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For The First Time Since March, OPEC Oil Production Falls

For The First Time Since March, OPEC Oil Production Falls
With several key exporters in the group throttled back production, OPEC's oil output fell in August for the first time since March according to a monthly tally released Tuesday.
According to independent sources that monitor OPEC's production the 14-member cartel pumped 32.76 million barrels a day last month. That marks a drop of 79,100 barrel-a-day from July.
In order to keep 1.8 million barrels a day of oil production off the market, OPEC has partnered with other producers, including Russia. The exporters are trying drive to down global stockpiles of crude and to drain oversupply from the market.
With Saudi Arabia holding discussions about extending the deal beyond March, oil prices got support this week. OPEC said 195 million barrels above the five-year average in July was the crude oil stockpiles in the OECD, a group of mostly developed nations.
Reduction of those stockpiles is harder because of rising production in two OPEC member countries, Libya and Nigeria. But because their output had already tanked due to domestic conflicts, OPEC exempted the two nations from cutting production. But output was restored more quickly than expected by both the nations.
With daily production falling by about 112,000 barrels, to 890,000 barrels a day, the trend reversed last month in Libya. Sporadic disruptions due to protests is being seen at Libya's Sharara oil field, the nation's largest.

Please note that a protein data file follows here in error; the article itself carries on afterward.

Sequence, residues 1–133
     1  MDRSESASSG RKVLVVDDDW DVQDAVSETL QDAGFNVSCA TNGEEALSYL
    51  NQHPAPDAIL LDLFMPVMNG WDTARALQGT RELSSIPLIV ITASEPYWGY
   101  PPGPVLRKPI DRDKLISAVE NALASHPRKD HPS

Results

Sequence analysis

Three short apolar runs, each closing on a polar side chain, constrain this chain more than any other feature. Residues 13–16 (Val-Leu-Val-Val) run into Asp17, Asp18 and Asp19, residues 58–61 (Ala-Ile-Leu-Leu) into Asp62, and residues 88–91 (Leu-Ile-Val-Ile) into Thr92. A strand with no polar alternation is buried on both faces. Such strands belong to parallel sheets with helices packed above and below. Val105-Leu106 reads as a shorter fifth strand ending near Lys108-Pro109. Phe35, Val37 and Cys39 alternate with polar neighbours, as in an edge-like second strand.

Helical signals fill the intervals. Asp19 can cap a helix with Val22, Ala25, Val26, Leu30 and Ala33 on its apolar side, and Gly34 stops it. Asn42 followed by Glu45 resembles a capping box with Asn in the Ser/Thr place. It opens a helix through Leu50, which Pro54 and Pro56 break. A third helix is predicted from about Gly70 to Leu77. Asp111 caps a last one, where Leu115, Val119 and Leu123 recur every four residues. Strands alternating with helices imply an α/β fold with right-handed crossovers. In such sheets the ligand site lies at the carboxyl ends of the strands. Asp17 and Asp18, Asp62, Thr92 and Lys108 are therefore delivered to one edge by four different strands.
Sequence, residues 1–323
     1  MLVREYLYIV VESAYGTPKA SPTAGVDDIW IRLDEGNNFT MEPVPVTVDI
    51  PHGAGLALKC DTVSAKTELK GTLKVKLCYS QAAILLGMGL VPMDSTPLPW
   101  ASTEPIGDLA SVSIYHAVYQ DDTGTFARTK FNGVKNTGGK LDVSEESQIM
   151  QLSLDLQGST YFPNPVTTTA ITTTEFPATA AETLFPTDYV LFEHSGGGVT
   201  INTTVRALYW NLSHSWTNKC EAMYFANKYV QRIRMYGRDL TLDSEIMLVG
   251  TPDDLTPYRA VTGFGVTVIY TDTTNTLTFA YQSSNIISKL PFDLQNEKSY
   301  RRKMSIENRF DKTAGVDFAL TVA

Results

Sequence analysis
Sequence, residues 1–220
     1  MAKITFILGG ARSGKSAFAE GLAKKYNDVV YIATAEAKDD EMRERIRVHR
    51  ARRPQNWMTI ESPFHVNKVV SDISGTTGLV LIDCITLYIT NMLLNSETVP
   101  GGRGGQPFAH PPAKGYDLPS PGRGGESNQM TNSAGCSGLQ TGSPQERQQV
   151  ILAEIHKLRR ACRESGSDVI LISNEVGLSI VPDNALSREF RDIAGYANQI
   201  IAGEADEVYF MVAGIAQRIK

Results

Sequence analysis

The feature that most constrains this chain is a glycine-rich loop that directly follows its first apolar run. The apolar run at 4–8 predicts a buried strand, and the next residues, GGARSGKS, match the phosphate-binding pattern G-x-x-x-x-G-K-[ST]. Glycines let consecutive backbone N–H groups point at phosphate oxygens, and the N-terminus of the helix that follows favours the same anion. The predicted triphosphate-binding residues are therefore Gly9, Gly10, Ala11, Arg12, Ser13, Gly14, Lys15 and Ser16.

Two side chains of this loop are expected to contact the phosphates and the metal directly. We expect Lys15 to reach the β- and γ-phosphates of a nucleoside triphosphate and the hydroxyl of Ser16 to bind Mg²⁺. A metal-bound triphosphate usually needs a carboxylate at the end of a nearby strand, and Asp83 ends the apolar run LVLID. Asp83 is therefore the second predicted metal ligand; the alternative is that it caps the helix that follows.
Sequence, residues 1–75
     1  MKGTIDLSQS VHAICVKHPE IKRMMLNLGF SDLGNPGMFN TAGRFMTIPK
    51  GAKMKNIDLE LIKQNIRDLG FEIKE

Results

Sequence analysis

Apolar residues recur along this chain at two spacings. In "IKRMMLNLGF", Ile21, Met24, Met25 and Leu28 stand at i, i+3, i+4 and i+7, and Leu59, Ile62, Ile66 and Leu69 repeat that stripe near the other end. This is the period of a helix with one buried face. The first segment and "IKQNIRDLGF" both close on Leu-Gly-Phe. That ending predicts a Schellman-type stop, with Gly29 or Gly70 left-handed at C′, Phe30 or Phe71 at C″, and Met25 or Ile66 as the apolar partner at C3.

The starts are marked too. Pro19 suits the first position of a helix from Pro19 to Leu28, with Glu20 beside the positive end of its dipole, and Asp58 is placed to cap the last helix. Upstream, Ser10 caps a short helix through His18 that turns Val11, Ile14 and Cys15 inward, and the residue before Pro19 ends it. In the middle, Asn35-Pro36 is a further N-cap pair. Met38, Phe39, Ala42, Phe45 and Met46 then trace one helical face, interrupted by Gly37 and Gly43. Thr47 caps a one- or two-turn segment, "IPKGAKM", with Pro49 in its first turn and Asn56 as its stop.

And by jumping by 138,000 barrels, reaching 1.86 million barrels a day, Nigeria's daily output more than offset that drop.
And dipping slightly to just above 10 million barrels a day, production from top exporter Saudi Arabia also saw a drop. In recent months, Saudi output was trending higher. Compensating for other OPEC members that were not hitting their quotas was the deep production cut by the kingdom early in the year.
While still pumping above levels they agreed to last winter, two of those nations, Iraq and the United Arab Emirates, cut production in August. Production in Venezuela, which is in the grip of a full-blown economic crisis, also continued to fall.
Its outlook for global oil demand in 2017 and 2018 was slightly raised by OPEC. Consumption of 96.77 million barrels a day this year and 98.12 million barrels a day next year would happen throughout the world, the cartel now believes.
Better-than-expected economic growth is partly responsible for this revision. From 3.4 percent to 3.5 percent, forecast of the world economic growth in 2017was also revised by OPEC.
"Global economic growth momentum has gained traction lately and has become more balanced, with all major economies now showing positive growth this year, a trend that is forecast to continue into 2018," OPEC said.
Saying the reconstruction effort along the Gulf Coast will offset the loss in economic activity from the devastating storm, OPEC does not expect Hurricane Harvey to impact U.S. economic growth much.

Christopher J. Mitchell

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